Bristol 107
Bullpup

A single-seat interceptor fighter prototype that did not enter production, but was subsequently used for engine testing.
Bristol 107 Bullpup Jaguar VI prior to first flight The Bristol Bullpup at Filton in April 1928 with Jupiter VI and initial small rudder.
 
The Bristol Type 107 Bullpup was a Bristol Mercury engine powered, single seat, single-bay biplane fighter that was conceived at Bristol Aeroplane Company at the same time as the Bristol Type 105 Bulldog. It was designed against Specification F.20/27 which sought a fast-climbing interceptor against high-altitude bombing raids.
 
In essence, it was a lightweight scaled-down version of the Bristol Type 105 Bulldog and when compared with the Bristol Type 105 Bulldog IIA, it was around 700 lb lighter and had a wing area of only 230 sq ft (compared to 307 sq ft).
 
Bristol 107 Bullpup J9051 Bristol 107 Bullpup J9051 with Mercury IIA and metal wing struts, as tested ar Martlesham Heath.
 
A single example of the Bristol Type 107 Bullpup (J9051) was ordered for Air Ministry for trials against Specification F.20/27 and its first flight was made on 28th April 1928. It was fitted with a Bristol Jupiter VI engine although a Bristol Mercury IIA was subsequently fitted for the Air Ministry trials, which started in March 1929. An increase in rudder size was also found necessary after its first flight.
 
Delays with the supply of the Bristol Mercury engine prevented further development and the contract ultimately went to the Hawker Fury biplane.
 
Trials at A & A E E are reported to have shown that the Bristol Type 107 Bullpup recorded a climb to 15,000ft in 10 min 50 sec, compared with 18 min 38 sec for the Bristol Type 105 Bulldog IIA.
 
Bristol 107 Bullpup Townend Ring Mercury IIA The Bristol Bullpup with Mercury IIA engine and narrow-chord Townend ring cowling.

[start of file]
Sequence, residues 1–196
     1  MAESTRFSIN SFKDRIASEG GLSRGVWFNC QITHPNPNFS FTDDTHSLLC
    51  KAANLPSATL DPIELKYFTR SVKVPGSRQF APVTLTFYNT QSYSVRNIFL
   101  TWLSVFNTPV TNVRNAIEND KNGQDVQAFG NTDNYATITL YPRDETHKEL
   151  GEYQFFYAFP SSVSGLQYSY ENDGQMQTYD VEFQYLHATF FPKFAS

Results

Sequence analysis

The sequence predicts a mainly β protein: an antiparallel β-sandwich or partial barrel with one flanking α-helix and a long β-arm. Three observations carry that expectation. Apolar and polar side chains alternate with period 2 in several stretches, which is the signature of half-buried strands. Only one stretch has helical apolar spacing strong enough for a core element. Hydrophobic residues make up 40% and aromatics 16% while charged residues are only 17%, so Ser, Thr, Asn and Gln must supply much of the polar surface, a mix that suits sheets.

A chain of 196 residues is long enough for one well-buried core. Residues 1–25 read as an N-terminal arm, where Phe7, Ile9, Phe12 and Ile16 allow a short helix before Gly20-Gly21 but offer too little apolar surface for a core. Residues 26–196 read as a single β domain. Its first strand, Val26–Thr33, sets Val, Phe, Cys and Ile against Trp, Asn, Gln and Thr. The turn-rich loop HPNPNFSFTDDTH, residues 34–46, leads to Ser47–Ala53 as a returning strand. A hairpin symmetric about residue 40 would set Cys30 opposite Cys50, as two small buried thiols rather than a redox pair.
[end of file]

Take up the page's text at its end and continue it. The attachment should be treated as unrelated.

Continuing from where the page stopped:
Following the trials, The Bristol Type 107 Bullpup was also tested with different engine variations such as a short-chord Townend ring cowling, and a Bristol Jupiter VIIF engine, fitted for the 1930 RAF Display at Hendon. In 1931, a short-stroke Bristol Mercury engine was also fitted with a close-fitting NACA-style cowling.
 
Engine trials continued into 1934, with a 200-hour endurance test of the sleeve-valve Bristol Aquila I engine. The Bristol Aquila also featured a long-chord, close-fitting cowling and the aircraft was displayed in this form at the SBAC show in June 1935.
 
Bristol 107 Bullpup Aquila I The Bullpup in its final form with AquilaI engine, as displayed at the SBAC Show in June 1935.
 
Although no production order was ever received, the Bristol 107 Bullpup made a real contribution Bristol’s engine development which included tests with a 440hp Bristol Jupiter VIIF, a 400hp short-stroke Bristol Mercury and a 500hp Bristol Aquila I engine.

 

Specification


Powerplant 480 hp Mercury IIA
Span 30 ft 0 in
Maximum Weight 2,850 lb
Capacity  Single seat, twin synchronised Vickers machine guns. Provision for the carriage of additional underwing guns below the lower wing.
Maximum Speed 190 mph (Mercury IIA) 

 

Variants


Single example (J9051)

 

Survivors

None - only aircraft scrapped in 1935, following completion of Bristol Aquila I engine trials.

 

Other information